Extraordinary times these are that Manipur is living in. But its tragedy is, these extraordinary times are being met by a general ordinariness of mindset all around. The collective obsession as of today, it would not be too much of an exaggeration to say, is entrapped narcissism. Almost by a compulsion of circumstance, few if any are able to see, or are even bothered to see beyond the self and picturise the broader picture of what the future may shape up to be for everybody. An acute myopia has been forced on everybody, rulers and subjects alike, and life in Manipur has ceased to be about living but increasingly about surviving. Everybody is unto himself, and in such a circumstance, an obsessive self-absorption as a general rule is understandable. After all, when the individual is left to fend for himself in a free for all situation, the fundamental principle of self-preservation, defined so well by the evolutionary notion of survival of the fittest, would invariably become the accepted norm. An insatiable appetite for power and wealth, ill-gotten most of the time, is only one important consequence of this. On a more abstract plane, what becomes abandoned in the process is the broad liberal ideology that the very idea of liberty entails everybody giving up a little liberty so that everybody can have liberty together. Freedom in this sense becomes the praxis of rule of law, therefore its quality depends greatly on the respect with which the subject people hold the idea of rule of law. When greed becomes the norm, what is ignored is also the understanding that acute and widespread self-interest at the cost losing sight of the larger common good, is not in anybody’s self interest in the ultimate analysis.
There is a danger of ordinariness of leadership, and indeed of the general mindset, in extraordinary times. Such a pairing can have extremely grave consequences for the future. This hypothesis cannot have a better illustration than in a particular counterfactual study done on the fortune of France and the French Army which historians agree was the finest in terms of organisation and military hardware at the time of the rise of an aggressive Prussia under Bismarck known all along for his imperial designs, in the 1860s. James Chace, professor of international relations at Bard College, USA, writes in “What If?” (a collection of counterfactual essays, by some of the finest military historians in the contemporary Western world, edited by Robert Cowley) that given a wee bit more commitment, the French marshal Francois Achille Bazaine should not have had to surrender to the Prussians at Metz on September 1, 1870 along with 6,000 officers and 173,000 men, as the French Army was far superior. Unfortunately the French leadership at the time was marked by a remarkable ordinariness. He laments that “… an inept, posturing nephew (Napoleon III) of the greatest military commander in modern times (Napoleon) became the unwitting destroyer of the primacy of Europe.” The contention is, had Bismarck been denied the runaway victory at Metz, there is unlikely to have been the First World War, consequently no Treaty of Versailles in 1919, which in turn led to the Second World War. There would also not have been the Bolshevik Revolution, no Soviet Union therefore no Cold War. The course of history for the next 150 years that followed, and horrors of the last century would have been irrevocably changed. If Europe was not thus destroyed, economically and in terms of human resource (hundreds upon thousands of its finest minds presumably have been amongst the millions of casualties), for the good or the bad, the American Century too would have been delayed or perhaps still born.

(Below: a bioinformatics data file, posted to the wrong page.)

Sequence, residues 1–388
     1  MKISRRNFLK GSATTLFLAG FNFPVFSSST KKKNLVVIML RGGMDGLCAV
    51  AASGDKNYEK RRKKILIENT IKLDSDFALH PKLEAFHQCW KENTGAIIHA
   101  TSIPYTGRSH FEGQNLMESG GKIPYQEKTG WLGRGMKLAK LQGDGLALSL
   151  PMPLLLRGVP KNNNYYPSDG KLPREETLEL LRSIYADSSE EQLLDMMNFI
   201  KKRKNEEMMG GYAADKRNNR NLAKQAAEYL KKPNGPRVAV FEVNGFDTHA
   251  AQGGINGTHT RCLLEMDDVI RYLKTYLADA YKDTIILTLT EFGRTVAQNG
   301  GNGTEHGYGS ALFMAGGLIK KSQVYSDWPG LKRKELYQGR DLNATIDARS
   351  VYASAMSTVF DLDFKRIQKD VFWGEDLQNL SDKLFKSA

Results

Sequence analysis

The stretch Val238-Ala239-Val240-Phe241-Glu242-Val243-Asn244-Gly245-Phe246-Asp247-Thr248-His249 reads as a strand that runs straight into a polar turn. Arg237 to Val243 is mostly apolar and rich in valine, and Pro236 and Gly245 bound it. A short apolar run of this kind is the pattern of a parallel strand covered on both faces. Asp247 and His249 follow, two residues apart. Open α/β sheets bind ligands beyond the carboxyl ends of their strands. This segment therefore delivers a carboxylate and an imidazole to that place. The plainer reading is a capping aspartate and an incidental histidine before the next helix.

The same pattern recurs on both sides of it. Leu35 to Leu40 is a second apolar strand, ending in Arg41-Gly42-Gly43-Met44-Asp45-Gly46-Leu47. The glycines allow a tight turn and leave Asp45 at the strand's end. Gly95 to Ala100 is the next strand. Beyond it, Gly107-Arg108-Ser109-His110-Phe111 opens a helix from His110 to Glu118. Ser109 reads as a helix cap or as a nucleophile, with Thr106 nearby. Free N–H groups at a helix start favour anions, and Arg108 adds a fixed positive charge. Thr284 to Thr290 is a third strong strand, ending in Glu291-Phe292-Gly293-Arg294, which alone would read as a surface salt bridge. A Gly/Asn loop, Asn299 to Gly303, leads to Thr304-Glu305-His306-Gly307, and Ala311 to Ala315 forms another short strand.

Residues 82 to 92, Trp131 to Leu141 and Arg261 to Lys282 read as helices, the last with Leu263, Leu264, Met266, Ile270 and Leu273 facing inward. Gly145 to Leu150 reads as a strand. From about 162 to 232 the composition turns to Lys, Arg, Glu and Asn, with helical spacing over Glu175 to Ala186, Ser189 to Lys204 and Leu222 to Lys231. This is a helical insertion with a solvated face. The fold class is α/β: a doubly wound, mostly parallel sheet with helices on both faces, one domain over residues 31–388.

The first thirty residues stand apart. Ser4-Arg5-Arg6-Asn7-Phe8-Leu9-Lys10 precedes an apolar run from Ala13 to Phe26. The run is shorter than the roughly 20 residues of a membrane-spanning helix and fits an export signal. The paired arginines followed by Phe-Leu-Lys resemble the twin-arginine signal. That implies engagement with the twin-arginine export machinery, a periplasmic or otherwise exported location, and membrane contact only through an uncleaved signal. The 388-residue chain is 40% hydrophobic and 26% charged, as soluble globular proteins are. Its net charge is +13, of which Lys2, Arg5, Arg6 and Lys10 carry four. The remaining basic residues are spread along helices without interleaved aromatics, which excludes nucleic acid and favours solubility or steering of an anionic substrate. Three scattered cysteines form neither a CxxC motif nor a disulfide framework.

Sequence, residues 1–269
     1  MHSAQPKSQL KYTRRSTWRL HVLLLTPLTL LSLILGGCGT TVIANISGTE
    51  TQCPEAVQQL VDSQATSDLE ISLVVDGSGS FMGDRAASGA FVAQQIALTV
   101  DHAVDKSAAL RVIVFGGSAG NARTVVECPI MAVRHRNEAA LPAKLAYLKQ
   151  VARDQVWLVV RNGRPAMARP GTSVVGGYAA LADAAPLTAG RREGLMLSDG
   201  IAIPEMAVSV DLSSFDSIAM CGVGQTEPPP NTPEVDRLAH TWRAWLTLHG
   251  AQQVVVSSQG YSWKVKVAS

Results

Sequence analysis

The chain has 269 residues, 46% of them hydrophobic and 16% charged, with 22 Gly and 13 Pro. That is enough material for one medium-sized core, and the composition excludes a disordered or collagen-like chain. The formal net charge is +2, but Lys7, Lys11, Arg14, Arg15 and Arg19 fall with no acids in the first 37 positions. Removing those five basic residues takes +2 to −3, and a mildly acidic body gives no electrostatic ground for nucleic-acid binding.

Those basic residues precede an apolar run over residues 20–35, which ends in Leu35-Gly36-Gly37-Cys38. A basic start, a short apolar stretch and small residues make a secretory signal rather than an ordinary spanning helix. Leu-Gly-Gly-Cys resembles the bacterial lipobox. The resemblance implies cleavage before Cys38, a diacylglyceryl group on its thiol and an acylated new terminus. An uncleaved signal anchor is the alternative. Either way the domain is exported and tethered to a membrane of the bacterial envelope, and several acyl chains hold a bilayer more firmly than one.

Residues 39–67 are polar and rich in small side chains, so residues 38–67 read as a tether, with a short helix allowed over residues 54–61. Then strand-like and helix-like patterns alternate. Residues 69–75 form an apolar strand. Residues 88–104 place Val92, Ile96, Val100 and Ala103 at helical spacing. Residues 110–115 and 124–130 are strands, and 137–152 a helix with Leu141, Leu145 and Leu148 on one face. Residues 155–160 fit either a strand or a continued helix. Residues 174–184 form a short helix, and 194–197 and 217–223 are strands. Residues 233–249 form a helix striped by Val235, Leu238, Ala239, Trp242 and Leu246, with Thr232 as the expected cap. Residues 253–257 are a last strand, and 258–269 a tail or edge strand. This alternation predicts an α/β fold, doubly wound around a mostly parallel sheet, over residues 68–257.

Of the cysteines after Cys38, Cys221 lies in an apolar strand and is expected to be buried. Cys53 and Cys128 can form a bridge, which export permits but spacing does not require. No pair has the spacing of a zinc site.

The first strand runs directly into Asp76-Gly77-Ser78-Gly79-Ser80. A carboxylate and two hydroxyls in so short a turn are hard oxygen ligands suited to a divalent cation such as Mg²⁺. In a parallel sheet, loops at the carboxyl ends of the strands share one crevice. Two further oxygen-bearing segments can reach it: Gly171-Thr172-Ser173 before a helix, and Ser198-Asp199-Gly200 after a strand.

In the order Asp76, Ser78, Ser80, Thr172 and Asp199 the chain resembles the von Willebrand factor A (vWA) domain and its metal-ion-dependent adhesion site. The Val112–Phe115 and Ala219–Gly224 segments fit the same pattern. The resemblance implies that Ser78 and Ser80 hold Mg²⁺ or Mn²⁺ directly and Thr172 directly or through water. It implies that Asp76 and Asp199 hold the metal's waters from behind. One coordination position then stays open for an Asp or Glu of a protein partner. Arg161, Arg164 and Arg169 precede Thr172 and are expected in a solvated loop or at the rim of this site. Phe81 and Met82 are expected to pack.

The moot point is, what our leaders do or don’t do today, will definitely have a profound bearing on the future of the place, and beyond, if history is any evidence. The least that extraordinary times need is leadership inertia. When Manipur’s being, physical and metaphorical, is eroding in a total administrative vacuum, it is outrageous that our leaders still have the leisure not to think proactively to meet the challenges, and instead continue to leave it up to the mythical healing power of time to mend things. Poverty, unemployment, bad law and order, sliding incomes etc, on the one hand, and piling garbage, run down roadways, drinking water shortage, sinking rural health facilities, decaying education system etc on the other, cannot afford to be met with fading government presence. Bribe givers and bribe takers alike, let it be known that when a ship sinks, everybody in it will drown, and no amount of wealth in anybody’s hand can save anybody.
Source: Imphal Free Press